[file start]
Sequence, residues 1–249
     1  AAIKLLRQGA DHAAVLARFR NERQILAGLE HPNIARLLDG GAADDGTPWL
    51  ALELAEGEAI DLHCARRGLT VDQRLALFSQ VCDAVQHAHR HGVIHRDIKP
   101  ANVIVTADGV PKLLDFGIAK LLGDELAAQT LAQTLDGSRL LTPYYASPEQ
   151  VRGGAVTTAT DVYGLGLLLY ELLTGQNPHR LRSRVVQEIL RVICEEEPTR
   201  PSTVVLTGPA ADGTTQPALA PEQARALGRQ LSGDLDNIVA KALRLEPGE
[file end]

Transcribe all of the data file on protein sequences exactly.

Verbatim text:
Sequence, residues 1–249
     1  AAIKLLRQGA DHAAVLARFR NERQILAGLE HPNIARLLDG GAADDGTPWL
    51  ALELAEGEAI DLHCARRGLT VDQRLALFSQ VCDAVQHAHR HGVIHRDIKP
   101  ANVIVTADGV PKLLDFGIAK LLGDELAAQT LAQTLDGSRL LTPYYASPEQ
   151  VRGGAVTTAT DVYGLGLLLY ELLTGQNPHR LRSRVVQEIL RVICEEEPTR
   201  PSTVVLTGPA ADGTTQPALA PEQARALGRQ LSGDLDNIVA KALRLEPGE